It is not al-Qaeda that inspires affiliates and radicalizes homegrown terrorists. It is America’s violent policies in the Muslim world. Other government officials have acknowledged that Muslim radicals seek revenge for those policies in the Middle East, Africa, and Central Asia, but Napolitano perpetuates the myth that anti-American activity is unprovoked. The American people deserve to hear the truth.
Napolitano referred to recent unsuccessful attacks in the United States: “Other al-Qaeda affiliates have actually attempted to attack the homeland in recent months. These include Tehrik-e Taliban (TTP) [Pakistan] and al-Qaeda in the Arabian Peninsula (AQAP) [Yemen] — which, until their respective claims of responsibility for the attempted Times Square and Christmas Day terrorist attacks, had only conducted attacks in their regions.”
What she left out was that the U.S. government regularly fires missiles into Pakistan and Yemen from aerial drones, killing innocent people. The desire for revenge is a natural consequence.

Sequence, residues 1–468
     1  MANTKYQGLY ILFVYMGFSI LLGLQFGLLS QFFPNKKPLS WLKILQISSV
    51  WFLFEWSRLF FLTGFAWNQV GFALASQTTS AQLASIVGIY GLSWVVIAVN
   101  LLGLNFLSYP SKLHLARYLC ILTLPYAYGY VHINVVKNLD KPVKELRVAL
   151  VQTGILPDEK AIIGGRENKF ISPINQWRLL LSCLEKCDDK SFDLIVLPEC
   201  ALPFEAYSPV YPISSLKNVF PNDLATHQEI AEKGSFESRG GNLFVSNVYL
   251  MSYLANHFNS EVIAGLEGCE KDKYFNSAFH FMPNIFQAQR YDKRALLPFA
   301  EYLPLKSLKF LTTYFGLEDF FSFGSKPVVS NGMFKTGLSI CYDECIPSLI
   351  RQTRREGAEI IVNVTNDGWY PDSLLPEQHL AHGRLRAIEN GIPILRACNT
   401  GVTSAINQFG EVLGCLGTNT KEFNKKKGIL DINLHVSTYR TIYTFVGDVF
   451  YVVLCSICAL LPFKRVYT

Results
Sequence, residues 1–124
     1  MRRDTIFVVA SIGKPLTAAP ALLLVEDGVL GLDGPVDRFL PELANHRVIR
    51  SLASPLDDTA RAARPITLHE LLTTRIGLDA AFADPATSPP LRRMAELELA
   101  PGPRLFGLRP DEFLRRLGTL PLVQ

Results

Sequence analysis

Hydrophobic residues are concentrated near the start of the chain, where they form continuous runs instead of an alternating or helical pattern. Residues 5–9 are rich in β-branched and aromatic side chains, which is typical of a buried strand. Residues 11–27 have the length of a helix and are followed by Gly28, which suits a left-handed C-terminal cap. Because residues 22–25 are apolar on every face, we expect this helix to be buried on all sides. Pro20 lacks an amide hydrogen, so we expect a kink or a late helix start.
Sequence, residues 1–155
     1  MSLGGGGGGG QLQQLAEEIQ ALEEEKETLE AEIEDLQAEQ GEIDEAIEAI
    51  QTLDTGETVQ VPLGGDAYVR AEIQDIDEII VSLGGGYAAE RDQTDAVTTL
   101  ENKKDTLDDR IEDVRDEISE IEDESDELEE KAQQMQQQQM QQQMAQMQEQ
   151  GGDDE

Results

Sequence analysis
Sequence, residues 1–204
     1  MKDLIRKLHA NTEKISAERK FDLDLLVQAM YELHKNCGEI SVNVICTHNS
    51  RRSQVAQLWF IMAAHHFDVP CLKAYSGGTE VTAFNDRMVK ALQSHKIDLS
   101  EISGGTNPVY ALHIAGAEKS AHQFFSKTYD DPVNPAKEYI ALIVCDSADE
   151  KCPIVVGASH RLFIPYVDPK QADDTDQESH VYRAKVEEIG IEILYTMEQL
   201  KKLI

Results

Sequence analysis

Hat-tip to The Western Confucian: None Dare Call It Blowback
I'm reminded of Madeleine Albright's famous "We think the price is worth it" comment -- the price in question being the lives of half a million Iraqi children who died to maintain American hegemony in the Middle East. Weigh that against the under 3000 killed on 9/11, and somehow the word "disproportionate" springs to mind.
Those killed on 9/11 just about balance the number killed in the Nato bombing of Yugoslavia, which was every bit as "terroristic" as 9/11, and was cowardly to boot, because, unlike 9/11, the bombers did not risk their own lives. But, brave or cowardly, terrorism is still terrorism, and the notion of terrorists waging a "war on terror" should lead to severe cognitive dissonance, but it somehow doesn't, at least not for those who support the terrorist "war on terror."